Wednesday, September 23, 2009

Farewell Dinner: Perfection

Last night Marie and I decided to indulge in a farewell dinner for ourselves. The spot: Sweets and Savories in Lincoln Park. It was one of the restaurants in our deck of discount cards and its review in the Sun-Times as "a destination of the savviest foodie" set our expectations high. As if that weren't enough, it's BYOB (we had a bottle of champagne chilled and waiting in the fridge) and Tuesday night they offer half price dinner!

The stars aligned and we were able to score a reservation due to a cancellation. Originally it was going to be three of us; but when our third got stuck late at work, it was back to the dynamic (and inseparable) duo. Fitting.

A little quirky best describes both the staff and atmosphere of Sweets and Savories. It's small--one rectangular room with seating for about fifty--and three wall posters sums it up for decor. Each staff member we encountered shared a curious timid demeanor, soft-spoken to the point of irritation and seemingly uncertain of how to respond to questions.
But oh the food. After a fifteen minute deliberation, we decided on two appetizers--a butternut squash risotto with crispy sage leaves and a gnocchi with escargot, mushrooms, and harvest vegetables. The latter was a risky move, as I've never had escargot and was a little nervous, but it was salty and delicious. For an entree we split the amberjack--a meaty white fish, much like halibut--served with lentils and tomato butter sauce. It was a tough choice as other menu options included a yummy-sounding gourmet burger, seared scallops (perhaps my favorite food), and a NY strip that I enviously spied on more than one table. But the fish was superb, especially the sauce, and it was a perfect portion for sharing.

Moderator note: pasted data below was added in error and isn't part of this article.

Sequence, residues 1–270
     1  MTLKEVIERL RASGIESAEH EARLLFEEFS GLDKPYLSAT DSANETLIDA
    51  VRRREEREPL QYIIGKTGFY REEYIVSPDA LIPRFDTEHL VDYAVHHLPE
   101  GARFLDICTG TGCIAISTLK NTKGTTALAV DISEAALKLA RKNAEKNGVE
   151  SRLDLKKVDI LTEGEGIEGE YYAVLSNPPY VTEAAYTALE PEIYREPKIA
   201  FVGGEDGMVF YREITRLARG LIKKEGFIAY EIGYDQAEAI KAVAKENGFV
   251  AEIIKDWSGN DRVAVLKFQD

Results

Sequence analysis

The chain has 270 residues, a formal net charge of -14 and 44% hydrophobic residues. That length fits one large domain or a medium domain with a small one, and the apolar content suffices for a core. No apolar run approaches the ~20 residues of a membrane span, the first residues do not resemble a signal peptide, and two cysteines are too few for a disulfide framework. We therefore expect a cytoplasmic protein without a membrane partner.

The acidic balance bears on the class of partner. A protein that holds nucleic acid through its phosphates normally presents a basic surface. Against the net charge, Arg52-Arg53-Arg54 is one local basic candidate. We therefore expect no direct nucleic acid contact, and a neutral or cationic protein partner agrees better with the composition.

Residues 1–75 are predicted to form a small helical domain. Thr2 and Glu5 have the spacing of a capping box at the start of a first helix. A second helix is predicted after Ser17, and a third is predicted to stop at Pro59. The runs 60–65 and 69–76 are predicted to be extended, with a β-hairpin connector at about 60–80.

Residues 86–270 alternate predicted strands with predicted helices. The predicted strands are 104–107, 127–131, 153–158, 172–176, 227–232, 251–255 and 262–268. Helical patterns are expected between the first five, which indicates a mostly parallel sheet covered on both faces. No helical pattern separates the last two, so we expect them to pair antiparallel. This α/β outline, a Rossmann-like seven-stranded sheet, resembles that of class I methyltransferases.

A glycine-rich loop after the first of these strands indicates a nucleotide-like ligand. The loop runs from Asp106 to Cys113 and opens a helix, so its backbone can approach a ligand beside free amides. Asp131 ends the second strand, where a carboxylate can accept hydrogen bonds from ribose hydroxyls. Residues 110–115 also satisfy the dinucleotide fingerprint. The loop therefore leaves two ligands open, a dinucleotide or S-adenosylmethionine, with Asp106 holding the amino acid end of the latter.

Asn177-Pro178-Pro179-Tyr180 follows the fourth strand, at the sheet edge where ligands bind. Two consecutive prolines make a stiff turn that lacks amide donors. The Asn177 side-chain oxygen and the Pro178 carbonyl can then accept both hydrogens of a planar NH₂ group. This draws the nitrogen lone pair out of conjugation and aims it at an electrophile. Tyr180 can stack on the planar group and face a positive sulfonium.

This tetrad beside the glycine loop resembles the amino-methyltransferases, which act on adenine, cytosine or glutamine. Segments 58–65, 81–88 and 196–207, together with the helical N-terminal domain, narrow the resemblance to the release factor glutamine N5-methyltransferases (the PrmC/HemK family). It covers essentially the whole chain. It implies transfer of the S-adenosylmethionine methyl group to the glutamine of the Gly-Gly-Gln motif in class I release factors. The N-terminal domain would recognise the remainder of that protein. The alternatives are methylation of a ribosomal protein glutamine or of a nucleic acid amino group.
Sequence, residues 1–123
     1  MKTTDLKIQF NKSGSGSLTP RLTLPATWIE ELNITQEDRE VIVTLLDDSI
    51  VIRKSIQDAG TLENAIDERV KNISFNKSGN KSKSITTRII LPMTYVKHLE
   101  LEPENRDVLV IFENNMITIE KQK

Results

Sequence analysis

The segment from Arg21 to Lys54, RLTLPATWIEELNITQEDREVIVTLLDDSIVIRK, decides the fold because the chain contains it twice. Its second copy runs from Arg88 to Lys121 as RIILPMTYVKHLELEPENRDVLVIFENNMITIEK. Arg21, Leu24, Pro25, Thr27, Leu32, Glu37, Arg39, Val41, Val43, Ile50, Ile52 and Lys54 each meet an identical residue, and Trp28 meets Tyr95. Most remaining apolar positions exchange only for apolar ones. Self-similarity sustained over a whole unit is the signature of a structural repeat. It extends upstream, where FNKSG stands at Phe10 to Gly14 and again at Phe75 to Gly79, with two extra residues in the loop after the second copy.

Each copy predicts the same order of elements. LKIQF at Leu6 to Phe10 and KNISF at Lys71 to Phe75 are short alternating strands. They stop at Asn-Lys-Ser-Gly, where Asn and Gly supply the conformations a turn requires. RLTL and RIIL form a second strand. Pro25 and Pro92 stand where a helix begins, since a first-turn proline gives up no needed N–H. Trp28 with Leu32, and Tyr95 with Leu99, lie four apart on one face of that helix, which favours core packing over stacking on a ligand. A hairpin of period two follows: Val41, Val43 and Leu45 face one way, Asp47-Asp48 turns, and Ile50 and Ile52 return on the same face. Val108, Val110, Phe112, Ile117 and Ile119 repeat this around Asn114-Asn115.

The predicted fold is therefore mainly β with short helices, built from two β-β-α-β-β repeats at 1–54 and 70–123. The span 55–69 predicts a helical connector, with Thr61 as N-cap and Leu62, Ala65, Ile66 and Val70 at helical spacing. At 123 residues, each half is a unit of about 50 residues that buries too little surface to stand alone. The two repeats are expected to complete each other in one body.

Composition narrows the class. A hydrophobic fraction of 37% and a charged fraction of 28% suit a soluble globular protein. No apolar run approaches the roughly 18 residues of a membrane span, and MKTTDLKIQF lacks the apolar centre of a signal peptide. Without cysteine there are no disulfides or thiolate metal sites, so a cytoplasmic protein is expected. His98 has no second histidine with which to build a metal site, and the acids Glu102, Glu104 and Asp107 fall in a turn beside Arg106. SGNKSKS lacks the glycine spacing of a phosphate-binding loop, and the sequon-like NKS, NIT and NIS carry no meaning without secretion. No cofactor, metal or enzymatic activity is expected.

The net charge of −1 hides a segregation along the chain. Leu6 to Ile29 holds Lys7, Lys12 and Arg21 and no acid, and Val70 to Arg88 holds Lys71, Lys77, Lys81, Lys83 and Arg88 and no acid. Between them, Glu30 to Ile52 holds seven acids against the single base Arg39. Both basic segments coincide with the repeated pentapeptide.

When our waiter gave us the dessert menu, we took one look and said in unison, "Berry Cobbler." It was no contest and our instincts were right-on. Sweet but not overly so, and with a crumbly crispy crust, and a scoop of lavender ice-cream, it was the perfect finish to an outstanding meal meant to celebrate an amazing summer.

Sunday, September 20, 2009

Lollapalooza, in pictures (from a disposable camera)


Thank you Walgreens for the functional and fashionable ponchos. 
Thievery Corporation 

Passion Pit, "Little Secret"

Techno Stage

Some long-awaited pics

Pritzker Pavilion 
Sears Tower- View from the bottom (Line was too long for a view from the top)

Before our bike ride. The owner of the bike shop thought he was a professional photographer. He ensured us that, "This [meaning, shooting from below] is the way they all want it" (???)

I love this one. Not just because it shows how far we biked!

Some Thoughts on Reading, and one Great (Chicago-related) Book in Particular

I'm ashamed to admit that I just finished my second book of the summer. I'll chalk it up to my general distraction with other things, the upsurge in my online reading, and the recent failure of my usually strong ability to judge a book by its cover.

My literary habits this summer prove, without a doubt, that I'm all or nothing when it comes to books. If I'm not into it--recent examples include, Tipperary, Running in the Family, The Lady Elizabeth, My Life in France--reading is the painful process of forcing myself to get through two pages a night before nodding off, book in hand. I rarely make it to Chapter Two. 

On the other hand, I just finished a 500+ page novel in 3 days, engulfing the last third in a mere afternoon. I'm not bragging--the extremism of my reading style is less than ideal. My literary pursuits often leave me in disheartened reading lows, or else all-consuming highs, and I end up, addict that I am, trying to prolong the feeling, refusing to close the book until I've read through the Acknowledgements, About the Author, and sometimes even the painful Reading Group Guide. 

But I digress. This blog is about Chicago, and I am writing this post because my latest fix was Audrey Niffenegger's The Time Traveler's Wife. Truth be told, it came to my attention the same way it probably did for many of the other readers who helped put it back on the bestseller list--the recent movie adaptation. However, I can safely say that the author's Chicago roots and the setting of the book in my current hometown were what pushed me to buy it. 

With one of the most creative plots of any book I have read, Time Traveler's Wife hooks you with its unpredictability and wand-less, spell-less magic. Its beauty as a love story will appeal to the most hopeless of romantics, while the tough questions it raises about time, knowledge and free will, would keep your college philosophy professor satisfied.